At Tuesday's press conference to announce the lifetime ban of L.A. Clippers owner-turned-First Amendment hero Don Sterling, Fox News reporter Jovian Lien pushed back at the punishment, and on Tuesday night's The Kelly File, that clip was predictably used to fuel a segment on the injustice being done to Sterling. Amid their outrage, Kelly and her guests correctly cited California recording law, but Kelly was even more outraged in 2009, when someone secretly taped black ACORN workers in violation of state law.
Kelly and former Congressman Lt. Col. Allen West, along with attorney Steve Olenick, chewed over the question posed by Lien at the press conference, which was "Should someone lose their team for remarks shared in private? Is this a slippery slope?"
Kelly also cited comments by Dallas Mavericks owner Mark Cuban, who expressed similar misgivings. You can watch the full segment here, but the most interesting part is where Kelly and West specifically cite California law.
"If she taped him without his consent, she violated the law because California is a two-party consent state," Kelly noted, explaining "that means both parties to a recording need to say okay, and if that didn't happen here, then she's violated the law."
She then asked West if "the deprivation of his property rights, in terms of his ownership rights of a sports team, you know, his financial livelihood and the swift condemnation by every corner, basically of taking away his livelihood, is a slippery slope as Mark Cuban suggested?"
"Yes," West agreed, "you're absolutely right. It is a slippery slope, because when you think about the fact that he was convicted and tried in the court of public opinion, but as you just talked about, in the court of legal opinion, that evidence would not be admissible because it was a violation of the law in California."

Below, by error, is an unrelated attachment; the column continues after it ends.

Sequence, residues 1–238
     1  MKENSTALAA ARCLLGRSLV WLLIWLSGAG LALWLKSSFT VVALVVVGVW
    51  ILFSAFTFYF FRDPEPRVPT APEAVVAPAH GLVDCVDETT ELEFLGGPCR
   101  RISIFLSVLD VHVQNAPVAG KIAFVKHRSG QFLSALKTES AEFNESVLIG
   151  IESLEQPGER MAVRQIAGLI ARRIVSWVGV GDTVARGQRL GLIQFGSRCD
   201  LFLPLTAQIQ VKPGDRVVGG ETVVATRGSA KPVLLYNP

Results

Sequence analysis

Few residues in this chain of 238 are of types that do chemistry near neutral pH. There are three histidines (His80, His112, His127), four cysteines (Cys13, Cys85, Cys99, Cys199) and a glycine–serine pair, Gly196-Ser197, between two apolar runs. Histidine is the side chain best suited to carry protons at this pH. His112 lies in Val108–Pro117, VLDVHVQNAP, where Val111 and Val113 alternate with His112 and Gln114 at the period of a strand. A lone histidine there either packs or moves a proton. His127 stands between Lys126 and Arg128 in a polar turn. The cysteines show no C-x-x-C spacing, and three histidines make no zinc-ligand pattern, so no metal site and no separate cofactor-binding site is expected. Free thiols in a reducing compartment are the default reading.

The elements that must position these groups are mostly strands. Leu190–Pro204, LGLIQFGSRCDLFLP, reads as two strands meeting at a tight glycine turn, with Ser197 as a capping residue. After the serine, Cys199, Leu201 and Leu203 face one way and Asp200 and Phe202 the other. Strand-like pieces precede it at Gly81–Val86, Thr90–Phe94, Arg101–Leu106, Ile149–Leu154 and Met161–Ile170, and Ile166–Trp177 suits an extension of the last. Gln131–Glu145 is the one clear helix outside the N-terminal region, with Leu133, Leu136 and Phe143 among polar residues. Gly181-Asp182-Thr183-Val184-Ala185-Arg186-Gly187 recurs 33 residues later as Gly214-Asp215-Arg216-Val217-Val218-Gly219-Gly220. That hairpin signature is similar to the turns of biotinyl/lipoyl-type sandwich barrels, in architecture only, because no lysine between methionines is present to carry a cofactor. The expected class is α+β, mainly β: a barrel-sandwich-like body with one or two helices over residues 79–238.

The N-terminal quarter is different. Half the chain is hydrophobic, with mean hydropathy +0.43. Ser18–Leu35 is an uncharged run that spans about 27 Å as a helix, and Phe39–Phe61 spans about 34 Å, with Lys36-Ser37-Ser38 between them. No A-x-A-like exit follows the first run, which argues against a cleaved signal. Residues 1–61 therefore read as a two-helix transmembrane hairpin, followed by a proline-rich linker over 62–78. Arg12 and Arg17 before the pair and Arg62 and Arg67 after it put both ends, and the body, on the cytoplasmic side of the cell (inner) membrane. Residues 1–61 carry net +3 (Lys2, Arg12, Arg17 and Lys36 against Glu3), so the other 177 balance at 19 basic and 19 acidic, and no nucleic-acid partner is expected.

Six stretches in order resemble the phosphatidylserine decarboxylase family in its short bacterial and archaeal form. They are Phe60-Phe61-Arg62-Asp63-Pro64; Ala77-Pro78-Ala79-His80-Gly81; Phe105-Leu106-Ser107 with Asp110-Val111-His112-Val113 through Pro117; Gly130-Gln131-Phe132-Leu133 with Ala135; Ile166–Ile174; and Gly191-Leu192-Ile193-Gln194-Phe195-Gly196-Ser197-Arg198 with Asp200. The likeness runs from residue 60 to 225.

Of course, California's recording statute and rules of evidence are of limited relevance to Sterling's current situation, since the tape was publicized by TMZ, whose rules of evidence are somewhat looser than the state's, and Sterling hasn't been tried or convicted of anything in a legal proceeding. Going forward, the TMZ recording would have been inadmissible if Sterling hadn't authenticated it to NBA Commissioner Adam Silver, but since he did, it's tough to see how a court would keep it out at this point.
Still, the spirit of the law, the underlying principle, appears to have been violated. Technically, nothing that the NBA did to Don Sterling was illegal, but if the principle behind the law is important to you, so important that it overshadows the NBA's right not to have its business destroyed, or the L.A. Clippers' right not to work for a horrible racist with a Mandingo complex, then so be it. At least Kelly, a sharp and seasoned attorney, is being consistent with her lawyerly roots.
Take, for example, her palpable outrage at the ACORN workers who were surreptitiously taped in Baltimore, Maryland, which is also a two-party state, and even has much harsher penalties for violations than California:
Wait, okay, fine, that was just a teaser. Later in the show, Kelly convened a full two-segment Kelly's Court over this thing, where she clearly must have at least mentioned Maryland's tough anti-recording law:
Wait, Fox News put on three lawyers, and none of them knew about Maryland or California recording law (another of the ACORN tapes was recorded in San Diego)?!?
Megyn Kelly is nothing if not a sharp legal mind, so it is likely that she did know, and maybe even brought it up to her producers at the time. For some reason, though, someone decided that the same principled stand that applied to a white racist just wasn't a good sell when applied to black workers at an organization that primarily served black communities, and also decided that a white douchebag dressed like a pimp (or pretending he did) was a good sale. Why would that be?
So there you have it. On Fox News, when a person of color invades your privacy, it's a violation. When a white person invades your privacy, it's called Christmas.